Sedona AZ (May 31, 2015) – So far, we have been lucky. But what do they say about luck….it is the intersection of preparation and hard work. In the case of the Slide Fire, the preparation and hard work is that of the firefighters, public safety personnel, forest and conservation crews who worked and continue to work to protect our community and our beloved Oak Creek Canyon.
Just a year ago nearly 1200 firefighters from across the country battled day and night for over two weeks to contain the Slide Fire, minimize the damage to the Coconino National Forest and lessen the potentially devastating after-effects. The Sedona Public Library is excited to host the spectacular Slide Fire Story: A Photographic Tribute to Oak Creek Canyon as a demonstration of our deep appreciation to those service professionals. The collection recently received rave reviews from thousands of visitors at the Museum of Northern Arizona in Flagstaff during a four-month exhibition.
The 2014 Slide Fire was the largest in the history of the Coconino National Forest scorching nearly 25 square miles of the landscape. The fire displaced residents and businesses in Oak Creek Canyon, threatened neighborhoods in Flagstaff, filled our lungs with smoke and scarred the Canyon.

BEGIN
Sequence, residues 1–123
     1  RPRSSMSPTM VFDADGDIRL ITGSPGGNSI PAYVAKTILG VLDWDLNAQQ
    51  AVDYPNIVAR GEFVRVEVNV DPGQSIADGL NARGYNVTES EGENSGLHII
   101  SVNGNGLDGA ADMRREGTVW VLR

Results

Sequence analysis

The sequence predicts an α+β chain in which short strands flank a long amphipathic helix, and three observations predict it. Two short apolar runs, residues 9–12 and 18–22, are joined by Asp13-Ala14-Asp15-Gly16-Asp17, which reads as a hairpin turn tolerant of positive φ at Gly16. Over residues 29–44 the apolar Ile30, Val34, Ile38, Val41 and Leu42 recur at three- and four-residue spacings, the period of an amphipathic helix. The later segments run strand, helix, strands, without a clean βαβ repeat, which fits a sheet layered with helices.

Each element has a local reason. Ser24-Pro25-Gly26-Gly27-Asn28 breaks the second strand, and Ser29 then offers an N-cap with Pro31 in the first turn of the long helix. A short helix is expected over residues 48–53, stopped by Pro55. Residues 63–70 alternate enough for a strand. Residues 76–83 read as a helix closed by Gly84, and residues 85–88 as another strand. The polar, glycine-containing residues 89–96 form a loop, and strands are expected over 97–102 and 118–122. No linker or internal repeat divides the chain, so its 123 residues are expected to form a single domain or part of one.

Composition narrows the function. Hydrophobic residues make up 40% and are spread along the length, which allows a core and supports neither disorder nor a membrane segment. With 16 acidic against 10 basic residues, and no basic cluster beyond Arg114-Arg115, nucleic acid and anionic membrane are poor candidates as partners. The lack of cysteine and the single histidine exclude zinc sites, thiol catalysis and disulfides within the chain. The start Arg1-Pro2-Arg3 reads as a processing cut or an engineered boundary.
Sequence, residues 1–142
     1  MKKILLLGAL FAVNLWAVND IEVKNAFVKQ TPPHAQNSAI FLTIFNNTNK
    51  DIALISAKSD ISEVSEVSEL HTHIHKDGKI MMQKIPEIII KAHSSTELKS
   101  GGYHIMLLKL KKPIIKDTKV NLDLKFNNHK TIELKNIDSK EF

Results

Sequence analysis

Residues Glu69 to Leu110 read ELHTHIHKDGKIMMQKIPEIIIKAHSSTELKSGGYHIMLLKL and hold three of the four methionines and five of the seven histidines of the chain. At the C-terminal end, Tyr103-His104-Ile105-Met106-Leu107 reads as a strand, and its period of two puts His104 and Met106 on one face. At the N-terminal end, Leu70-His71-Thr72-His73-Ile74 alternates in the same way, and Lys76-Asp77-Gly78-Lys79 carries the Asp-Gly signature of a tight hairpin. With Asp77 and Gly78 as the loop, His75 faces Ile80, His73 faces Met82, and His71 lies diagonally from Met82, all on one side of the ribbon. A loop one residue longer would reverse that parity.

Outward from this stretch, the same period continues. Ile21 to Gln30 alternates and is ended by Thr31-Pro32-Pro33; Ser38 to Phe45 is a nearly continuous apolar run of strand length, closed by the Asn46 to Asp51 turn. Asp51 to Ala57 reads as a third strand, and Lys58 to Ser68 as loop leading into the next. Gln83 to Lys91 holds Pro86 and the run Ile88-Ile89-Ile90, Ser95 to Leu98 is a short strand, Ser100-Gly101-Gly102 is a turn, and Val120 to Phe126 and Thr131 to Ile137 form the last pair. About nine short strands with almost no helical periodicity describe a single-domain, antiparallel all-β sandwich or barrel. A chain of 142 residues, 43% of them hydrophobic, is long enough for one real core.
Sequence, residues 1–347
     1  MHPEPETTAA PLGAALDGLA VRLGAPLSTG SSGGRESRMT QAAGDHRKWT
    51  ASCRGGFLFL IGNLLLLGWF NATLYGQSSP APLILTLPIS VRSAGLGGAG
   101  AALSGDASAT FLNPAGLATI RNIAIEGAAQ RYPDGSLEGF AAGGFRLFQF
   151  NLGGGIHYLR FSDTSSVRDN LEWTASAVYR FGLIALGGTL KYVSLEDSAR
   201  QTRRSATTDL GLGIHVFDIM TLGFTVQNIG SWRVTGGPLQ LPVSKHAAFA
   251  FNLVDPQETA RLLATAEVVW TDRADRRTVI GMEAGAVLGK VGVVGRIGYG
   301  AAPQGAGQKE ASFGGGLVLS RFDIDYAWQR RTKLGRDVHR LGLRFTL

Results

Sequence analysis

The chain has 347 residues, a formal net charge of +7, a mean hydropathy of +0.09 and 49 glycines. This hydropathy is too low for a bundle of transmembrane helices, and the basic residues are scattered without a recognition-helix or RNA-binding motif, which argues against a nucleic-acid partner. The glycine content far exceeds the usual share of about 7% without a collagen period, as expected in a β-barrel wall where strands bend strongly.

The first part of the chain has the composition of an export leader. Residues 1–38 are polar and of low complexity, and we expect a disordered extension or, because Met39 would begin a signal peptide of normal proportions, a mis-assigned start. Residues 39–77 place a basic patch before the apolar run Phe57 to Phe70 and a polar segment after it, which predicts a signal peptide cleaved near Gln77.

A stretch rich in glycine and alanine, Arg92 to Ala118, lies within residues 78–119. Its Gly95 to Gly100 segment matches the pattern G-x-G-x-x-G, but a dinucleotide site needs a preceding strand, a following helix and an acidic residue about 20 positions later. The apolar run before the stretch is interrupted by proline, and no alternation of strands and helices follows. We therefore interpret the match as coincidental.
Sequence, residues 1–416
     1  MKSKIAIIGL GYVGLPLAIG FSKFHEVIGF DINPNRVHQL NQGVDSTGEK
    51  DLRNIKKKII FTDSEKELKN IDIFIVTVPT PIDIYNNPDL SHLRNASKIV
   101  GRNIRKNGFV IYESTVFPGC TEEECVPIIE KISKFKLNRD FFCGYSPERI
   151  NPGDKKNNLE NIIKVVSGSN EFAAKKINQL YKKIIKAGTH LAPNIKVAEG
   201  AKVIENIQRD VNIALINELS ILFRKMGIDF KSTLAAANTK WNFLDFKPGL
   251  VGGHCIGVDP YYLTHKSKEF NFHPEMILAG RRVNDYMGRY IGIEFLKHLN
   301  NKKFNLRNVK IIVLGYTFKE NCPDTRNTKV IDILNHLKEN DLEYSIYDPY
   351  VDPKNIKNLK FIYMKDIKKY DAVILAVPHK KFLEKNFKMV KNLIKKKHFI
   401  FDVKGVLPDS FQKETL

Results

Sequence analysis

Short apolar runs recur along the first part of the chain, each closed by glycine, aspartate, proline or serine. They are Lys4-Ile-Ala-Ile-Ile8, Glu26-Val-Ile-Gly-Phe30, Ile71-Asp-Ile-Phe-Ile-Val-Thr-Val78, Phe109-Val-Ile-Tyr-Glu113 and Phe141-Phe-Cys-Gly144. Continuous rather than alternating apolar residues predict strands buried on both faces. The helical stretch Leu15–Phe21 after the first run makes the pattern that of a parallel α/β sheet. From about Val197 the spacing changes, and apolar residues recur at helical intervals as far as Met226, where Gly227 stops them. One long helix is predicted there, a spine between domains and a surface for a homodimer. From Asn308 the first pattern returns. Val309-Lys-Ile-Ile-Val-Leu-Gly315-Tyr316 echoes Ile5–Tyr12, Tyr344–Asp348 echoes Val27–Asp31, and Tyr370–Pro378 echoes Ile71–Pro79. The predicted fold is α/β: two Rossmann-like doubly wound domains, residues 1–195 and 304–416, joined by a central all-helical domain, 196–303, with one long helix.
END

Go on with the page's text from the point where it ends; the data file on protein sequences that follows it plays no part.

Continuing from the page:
Before the last flame was even extinguished the Rotary Clubs of Sedona were working on a photography exhibit to honor the firefighters and support the post-fire recovery efforts. The exhibit was assembled from dozens of generous photographers who allowed the exhibition of their often breath-taking images of the fire, its impact and the resilience of our community. The Rotary Clubs’ exhibition of 80 photographs and story-boards reveal and recount the strategies, technologies and the hard work that fire crews employed to control the fury of the Slide Fire. The exhibit also gives the community and visitors a chance to reflect on the treasure that the Canyon represents to Sedona and Northern Arizona.
Lynette Jennings has served as the Artistic Director for the exhibition. Jennings, a highly regarded artist, is well known for her eighteen years with her own design and art show on the Discovery Channel. She also made regular appearances on iconic television including “The Today Show” and “Good Morning America.” Jennings was “taken aback” by the power of the photographs submitted to the exhibition. “Once I saw the images and talked with Sedona Fire District Chief, Kris Kazian, the incredible story of the firefight and the long-term significance to our community just came together. My immediate reaction was that everyone needs to see these images and appreciate the importance of protecting the Canyon.”
The Slide Fire Story will appear at the Sedona Public Library now through June 15.
For more information, contact David Simmer at 928-284-4444 or email@example.com.